Accordingly, it is also a profoundly intergenerational view, consistent with the Burkean social contract, for thus one is not master of the land but a tenant who is but one person in a long line of tenants who are all equally entitled to receive that inheritance. One might object that this means that you may not change anything about the environment or use its natural resources, but therein I would say with Theodore Roosevelt, ‘I recognize the right and duty of this generation to develop and use the natural resources of our land; but I do not recognize the right to waste them, or to rob, by wasteful use, the generations that come after us.’

With all that said, it does seem that a brief consideration of policy implications is needed. From the view of conservative environmentalism that has been presented, there are attitudes that conservatives should have toward economic and technological policies and practices. 

It seems that conservatives in this case must be completely opposed to an unregulated free market, not conservative in the first place, and regulations regarding the extraction of natural resources should be supported. In this, again, it may be said with Roosevelt, “I believe that the natural resources must be used for the benefit of all our people, and not monopolized for the benefit of the few, and here again is another case in which I am accused of taking a revolutionary attitude.” (1910 speech on “New Nationalism) What seems obvious to me is that a rethinking of ecological issues should also include a rethinking of economic issues.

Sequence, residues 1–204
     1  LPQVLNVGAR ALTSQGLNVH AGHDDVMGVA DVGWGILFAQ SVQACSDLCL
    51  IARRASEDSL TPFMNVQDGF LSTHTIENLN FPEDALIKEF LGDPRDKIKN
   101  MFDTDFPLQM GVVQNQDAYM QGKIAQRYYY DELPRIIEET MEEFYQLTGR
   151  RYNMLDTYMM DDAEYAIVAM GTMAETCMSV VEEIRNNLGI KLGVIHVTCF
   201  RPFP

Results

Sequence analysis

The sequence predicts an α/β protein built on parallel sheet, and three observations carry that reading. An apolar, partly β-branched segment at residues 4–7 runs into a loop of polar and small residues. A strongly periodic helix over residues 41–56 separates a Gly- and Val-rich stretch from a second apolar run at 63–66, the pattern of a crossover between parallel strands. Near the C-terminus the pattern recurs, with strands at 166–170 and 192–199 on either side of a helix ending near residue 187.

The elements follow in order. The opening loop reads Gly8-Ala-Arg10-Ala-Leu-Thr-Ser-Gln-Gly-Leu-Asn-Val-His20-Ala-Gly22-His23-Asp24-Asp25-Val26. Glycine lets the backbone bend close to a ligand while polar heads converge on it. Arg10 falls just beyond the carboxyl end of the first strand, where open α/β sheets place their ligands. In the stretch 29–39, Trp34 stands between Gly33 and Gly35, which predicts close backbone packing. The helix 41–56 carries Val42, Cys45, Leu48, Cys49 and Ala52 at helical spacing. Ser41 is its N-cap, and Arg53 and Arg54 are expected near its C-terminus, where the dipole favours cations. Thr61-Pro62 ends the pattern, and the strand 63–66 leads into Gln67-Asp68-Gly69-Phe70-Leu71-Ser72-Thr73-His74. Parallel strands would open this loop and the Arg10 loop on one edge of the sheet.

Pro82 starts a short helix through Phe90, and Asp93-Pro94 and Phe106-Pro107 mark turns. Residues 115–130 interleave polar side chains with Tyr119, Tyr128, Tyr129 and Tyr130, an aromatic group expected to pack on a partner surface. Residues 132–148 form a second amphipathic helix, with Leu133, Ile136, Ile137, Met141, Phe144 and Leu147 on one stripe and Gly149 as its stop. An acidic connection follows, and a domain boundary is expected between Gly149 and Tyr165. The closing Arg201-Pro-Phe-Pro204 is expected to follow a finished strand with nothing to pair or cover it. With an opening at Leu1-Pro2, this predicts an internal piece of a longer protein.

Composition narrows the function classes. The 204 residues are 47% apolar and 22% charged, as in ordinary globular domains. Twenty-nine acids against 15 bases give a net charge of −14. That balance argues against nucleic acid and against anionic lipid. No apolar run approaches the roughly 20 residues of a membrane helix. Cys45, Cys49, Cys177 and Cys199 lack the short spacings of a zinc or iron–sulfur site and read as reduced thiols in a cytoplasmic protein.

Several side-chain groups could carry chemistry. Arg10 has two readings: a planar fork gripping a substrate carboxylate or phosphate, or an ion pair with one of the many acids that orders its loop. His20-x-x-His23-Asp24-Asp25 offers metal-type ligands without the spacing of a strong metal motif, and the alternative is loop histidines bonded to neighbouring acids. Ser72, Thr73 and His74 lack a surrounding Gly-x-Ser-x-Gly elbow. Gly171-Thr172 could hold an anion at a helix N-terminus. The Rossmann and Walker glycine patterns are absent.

Conservatives should also stand up for domestic producers, discouraging them from taking production overseas, and oppose the globalization of industries, if possible. Restricting the import of certain products might also be worth considering, instead supporting local farmers and passing laws that encourage people to buy locally, which saves a lot of shipment mileage, automatically helping the environment and strengthening the local economy. 

It also seems as if many conservative movements ought to change their language on the subject of environmental protection. Often excessive opposition within conservative circles creates the feeling that you can’t be conservative if you are pro-environment or you feel that you have to deny climate change to be conservative, which is wrong. It is necessary to emphasize more often that environmental protection is not only about climate change, but also about the degradation of natural resources and the preservation of the beauty of our home.

However, the most important thing remains something that politics cannot do and must come from the citizens themselves: Taking personal responsibility, which comes from rational self-interest that encourages the people to look after the environment themselves. The key for this is for people to realize that we are inheritors of this world and like a good farmer we have to cultivate this land and pass it on better to our inheritors.